Shrinkflation: The Hidden Costs of Inflation

Quinlyn Manfull
December 8, 2022

Inflation is impossible to ignore in 2022. We’ve all seen it in the grocery store, at the gas station and on our electricity bills. But there is additional inflation that companies don’t want us to see, that’s called shrinkflation.

What is Shrinkflation?

Shrinkflation, also known as package downsizing, refers to the act of shrinking product size or net weight while maintaining the same sticker price to offset the impacts of inflation

While prices look the same, the general price level of consumer goods has actually increased per unit of weight or volume.

Food and beverage industries are the most likely to utilize shrinkflation during periods of high inflation. This can look like fewer sheets on a toilet paper roll, thinner cereal boxes or new shapes of products to conceal the size reduction.

The Associated Press called shrinkflation “the inflation you’re not supposed to see.” Consumers are less likely to notice a higher unit price in a smaller package compared to a higher sticker price on the final product.

Inflation in 2022

The current rate of inflation in the US means the prices of consumer goods have been increasing at the steepest rate in over 40 years, according to data from the Bureau of Labor Statistics.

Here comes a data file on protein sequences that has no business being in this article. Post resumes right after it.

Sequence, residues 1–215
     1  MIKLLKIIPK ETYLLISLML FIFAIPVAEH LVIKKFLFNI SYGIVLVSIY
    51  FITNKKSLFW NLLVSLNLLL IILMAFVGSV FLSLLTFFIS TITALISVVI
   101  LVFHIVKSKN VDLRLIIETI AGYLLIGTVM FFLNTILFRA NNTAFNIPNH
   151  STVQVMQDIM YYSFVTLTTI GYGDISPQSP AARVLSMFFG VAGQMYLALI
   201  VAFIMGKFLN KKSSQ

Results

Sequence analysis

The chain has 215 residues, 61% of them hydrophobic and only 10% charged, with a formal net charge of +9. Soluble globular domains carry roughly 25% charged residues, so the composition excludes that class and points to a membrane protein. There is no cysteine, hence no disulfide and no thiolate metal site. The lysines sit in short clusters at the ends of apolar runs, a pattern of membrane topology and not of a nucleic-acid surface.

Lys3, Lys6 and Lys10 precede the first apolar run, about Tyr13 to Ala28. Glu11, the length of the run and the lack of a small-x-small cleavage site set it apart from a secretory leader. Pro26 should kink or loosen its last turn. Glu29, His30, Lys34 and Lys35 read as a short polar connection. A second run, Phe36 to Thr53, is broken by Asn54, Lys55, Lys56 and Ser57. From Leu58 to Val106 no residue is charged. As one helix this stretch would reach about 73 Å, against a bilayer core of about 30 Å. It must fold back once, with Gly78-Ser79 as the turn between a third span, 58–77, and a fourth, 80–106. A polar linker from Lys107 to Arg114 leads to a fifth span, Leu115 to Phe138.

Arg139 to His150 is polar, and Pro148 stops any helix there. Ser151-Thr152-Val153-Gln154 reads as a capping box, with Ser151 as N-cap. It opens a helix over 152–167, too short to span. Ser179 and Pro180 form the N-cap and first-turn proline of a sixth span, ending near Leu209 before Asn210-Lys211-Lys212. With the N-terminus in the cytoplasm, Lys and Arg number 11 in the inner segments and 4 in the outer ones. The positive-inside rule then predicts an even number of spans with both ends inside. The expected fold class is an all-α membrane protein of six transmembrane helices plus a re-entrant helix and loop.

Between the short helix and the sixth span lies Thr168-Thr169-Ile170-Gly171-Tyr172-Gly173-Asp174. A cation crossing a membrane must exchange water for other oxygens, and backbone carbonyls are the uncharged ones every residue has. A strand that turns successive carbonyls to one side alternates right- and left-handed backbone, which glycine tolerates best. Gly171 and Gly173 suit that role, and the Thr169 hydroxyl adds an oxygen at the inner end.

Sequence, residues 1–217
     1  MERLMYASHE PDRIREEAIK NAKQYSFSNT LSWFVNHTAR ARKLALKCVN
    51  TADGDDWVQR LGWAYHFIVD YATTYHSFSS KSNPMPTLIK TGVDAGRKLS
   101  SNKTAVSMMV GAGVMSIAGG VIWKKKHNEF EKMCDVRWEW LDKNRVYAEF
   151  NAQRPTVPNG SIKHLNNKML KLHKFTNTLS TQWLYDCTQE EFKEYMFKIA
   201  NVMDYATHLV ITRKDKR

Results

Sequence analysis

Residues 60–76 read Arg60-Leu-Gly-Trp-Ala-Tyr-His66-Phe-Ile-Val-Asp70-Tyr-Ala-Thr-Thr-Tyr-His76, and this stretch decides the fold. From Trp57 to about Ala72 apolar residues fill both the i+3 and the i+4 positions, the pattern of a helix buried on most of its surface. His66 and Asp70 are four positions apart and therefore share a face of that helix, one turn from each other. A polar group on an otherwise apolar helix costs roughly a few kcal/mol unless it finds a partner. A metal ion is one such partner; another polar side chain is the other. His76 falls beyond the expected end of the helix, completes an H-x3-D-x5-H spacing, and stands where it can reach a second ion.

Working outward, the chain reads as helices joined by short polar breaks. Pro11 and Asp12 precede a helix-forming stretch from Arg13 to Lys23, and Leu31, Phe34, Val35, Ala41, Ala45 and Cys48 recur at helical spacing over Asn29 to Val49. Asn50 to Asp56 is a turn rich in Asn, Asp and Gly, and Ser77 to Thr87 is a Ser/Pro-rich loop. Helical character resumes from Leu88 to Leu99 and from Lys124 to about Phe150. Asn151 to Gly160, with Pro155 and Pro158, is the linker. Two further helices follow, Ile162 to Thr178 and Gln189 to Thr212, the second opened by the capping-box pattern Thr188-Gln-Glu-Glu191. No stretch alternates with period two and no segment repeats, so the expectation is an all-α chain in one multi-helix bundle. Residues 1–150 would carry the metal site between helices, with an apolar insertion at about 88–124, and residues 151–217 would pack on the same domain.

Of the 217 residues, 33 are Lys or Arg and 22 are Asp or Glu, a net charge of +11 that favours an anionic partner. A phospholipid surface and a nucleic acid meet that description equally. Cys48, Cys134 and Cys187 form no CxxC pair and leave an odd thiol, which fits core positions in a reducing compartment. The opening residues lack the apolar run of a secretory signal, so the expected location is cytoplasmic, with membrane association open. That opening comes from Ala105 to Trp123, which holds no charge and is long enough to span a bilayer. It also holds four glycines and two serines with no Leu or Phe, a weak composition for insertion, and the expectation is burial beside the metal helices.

The BLS report stated that while overall inflation is up 7.7% annually in October 2022, consumer food prices have jumped 10.9%. Food staples such as coffee, eggs and margarine are among some of the most impacted foods, with egg prices up almost 40% year-over-year.

How Does Shrinkflation Work?

During periods of high inflation the price of producing consumer goods increases because the price of raw materials, labor, manufacturing and transportation have all risen. To appease shareholders and maintain a strong profit margin, companies can either raise prices or cut costs.

Economic research has shown that consumers are more likely to notice an explicit price increase and less likely to notice a product shrinkage, as consumers don’t often keep track of net weights and volumes.

So to raise prices, companies can either raise the sticker price or raise the price per unit and reduce the unit size to maintain the sticker price. This way, the cost of inflation is somewhat hidden from consumers.

Shrinkflation vs. Skimpflation

In October 2021, NPR’s Planet Money podcast discussed “skimpflation,” which refers to a downgrade in the quality of products or services while maintaining the same price. 

Essentially, shrinkflation is the shrinking of products and skimpflation is the skimping on quality of products while keeping the sticker price the same. 

For example, a company selling candy bars could implement either shrinkflation or skimpflation:

  • Shrinkflation: Smaller package sizes, less net weight in each candy bar.
  • Skimpflation: Reformulating the candy bars to be made with cheaper ingredients.
iStock by Getty.

The History of Shrinkflation

The term “shrinkflation” was first popularized by economist Pippa Malmgren in her book “Signals: How Everyday Signs Can Help Us Navigate the World’s Turbulent Economy.” 

While the terminology is relatively recent, the phenomenon has existed for as long as economies have existed. It tends to pick up speed and become easier to notice during periods of high inflation.

Edgar Dworsky, a longtime consumer advocate and lawyer, has recorded shrinkflation on his website Consumer World since 1995. Because of this work, he has become a go-to expert on the topic.